What is radon? 

Radon is a colorless, odorless, flavorless, radioactive gas.  It can accumulate in the lower levels of buildings.   

How could I be exposed to radon? 

Radon is generated from the radioactive decay of uranium in bedrock. In places with bedrock high in uranium, it can rise through the ground and move into buildings where it collects in basements, crawl spaces, and the ground floor level.  People who breathe the air in these spaces breathe in the radon.  

Radon can also be dissolved in groundwater. If a person has a private well, the water drawn from it may be high in radon. When showers, dishwashers, or clothes washers are run, radon can leave the water and move into indoors air.

What are the health effects of radon? 

People who breathe air with elevated concentrations of radon over extended amounts of time are at greater risk for lung cancer, especially if they also smoke.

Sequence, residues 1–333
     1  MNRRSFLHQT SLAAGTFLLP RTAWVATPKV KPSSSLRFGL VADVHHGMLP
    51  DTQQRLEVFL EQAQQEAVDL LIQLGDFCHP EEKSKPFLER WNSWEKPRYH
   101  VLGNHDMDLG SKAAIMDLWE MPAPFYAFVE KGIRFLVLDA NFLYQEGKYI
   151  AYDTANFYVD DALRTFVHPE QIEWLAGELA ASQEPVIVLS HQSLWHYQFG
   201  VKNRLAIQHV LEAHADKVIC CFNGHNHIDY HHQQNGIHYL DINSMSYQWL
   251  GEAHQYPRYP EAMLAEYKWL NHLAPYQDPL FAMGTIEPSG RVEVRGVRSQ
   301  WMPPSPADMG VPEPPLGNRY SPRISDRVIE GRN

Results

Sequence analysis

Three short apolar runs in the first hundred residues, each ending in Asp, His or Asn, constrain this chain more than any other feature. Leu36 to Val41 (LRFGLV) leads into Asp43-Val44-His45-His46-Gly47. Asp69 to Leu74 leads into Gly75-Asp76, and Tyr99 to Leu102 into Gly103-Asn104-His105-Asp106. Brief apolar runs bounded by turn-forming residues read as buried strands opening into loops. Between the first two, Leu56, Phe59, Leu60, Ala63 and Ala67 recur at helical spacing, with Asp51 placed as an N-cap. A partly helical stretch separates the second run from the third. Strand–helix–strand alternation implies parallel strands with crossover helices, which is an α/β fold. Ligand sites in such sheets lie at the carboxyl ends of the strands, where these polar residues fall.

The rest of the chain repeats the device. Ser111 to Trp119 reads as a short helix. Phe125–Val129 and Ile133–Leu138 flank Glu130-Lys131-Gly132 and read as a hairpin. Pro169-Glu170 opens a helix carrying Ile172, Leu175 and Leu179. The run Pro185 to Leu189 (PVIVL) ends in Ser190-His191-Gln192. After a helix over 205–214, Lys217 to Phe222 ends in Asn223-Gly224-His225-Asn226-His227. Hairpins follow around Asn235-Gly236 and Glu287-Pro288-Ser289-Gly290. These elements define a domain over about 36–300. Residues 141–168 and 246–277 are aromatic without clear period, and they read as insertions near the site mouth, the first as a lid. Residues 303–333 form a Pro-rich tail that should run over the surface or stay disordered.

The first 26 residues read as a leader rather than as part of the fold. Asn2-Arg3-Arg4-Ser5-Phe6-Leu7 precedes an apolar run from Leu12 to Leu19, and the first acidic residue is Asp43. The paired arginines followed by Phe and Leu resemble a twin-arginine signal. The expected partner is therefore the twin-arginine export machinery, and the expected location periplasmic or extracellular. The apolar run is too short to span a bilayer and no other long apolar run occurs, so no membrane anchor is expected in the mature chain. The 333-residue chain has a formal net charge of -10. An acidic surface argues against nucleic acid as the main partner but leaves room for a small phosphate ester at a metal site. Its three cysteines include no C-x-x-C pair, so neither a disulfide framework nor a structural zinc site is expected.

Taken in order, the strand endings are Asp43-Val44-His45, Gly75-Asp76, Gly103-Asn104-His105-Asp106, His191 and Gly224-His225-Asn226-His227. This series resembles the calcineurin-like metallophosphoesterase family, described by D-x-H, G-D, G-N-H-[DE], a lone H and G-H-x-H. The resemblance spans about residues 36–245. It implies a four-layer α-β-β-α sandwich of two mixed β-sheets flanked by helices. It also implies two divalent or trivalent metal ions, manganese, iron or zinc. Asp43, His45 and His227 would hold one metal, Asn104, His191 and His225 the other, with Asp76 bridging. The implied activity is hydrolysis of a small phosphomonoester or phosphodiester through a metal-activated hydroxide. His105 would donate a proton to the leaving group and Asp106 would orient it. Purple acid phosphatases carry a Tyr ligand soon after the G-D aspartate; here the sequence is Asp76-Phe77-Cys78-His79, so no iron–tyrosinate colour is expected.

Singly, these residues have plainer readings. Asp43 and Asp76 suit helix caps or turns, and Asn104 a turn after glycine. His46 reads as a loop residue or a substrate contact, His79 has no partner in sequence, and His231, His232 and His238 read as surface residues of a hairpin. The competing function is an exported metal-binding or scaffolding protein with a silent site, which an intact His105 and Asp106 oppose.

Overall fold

Is there a test to tell if I have been exposed to radon?  

There is no test for radon in the body. The best way to tell if you are being exposed is to test the air in your home.  

How can I protect myself from radon? 

While high levels of radon are more common in some places than others, homes anywhere might have elevated radon. There is no way to be sure you are not being exposed without testing your home. It is easy to test a home for radon using a kit that can be purchased at many hardware stores.  Virginia residents can order a radon test for $3 from the Virginia Department of Health’s Indoor Radon Program at https://www.vdhradon.org/.  If a home has an elevated level of radon in it, a mitigation system can be installed that will pull radon out from under the home and exhaust it above the roofline.   

People with a private well can have their well water tested for radon. If the levels are too high you can install a filter or aerator to remove the radon.  See the Virginia Department of Health guidance on testing your private well.

Where can I get more information about radon?  


updated 2023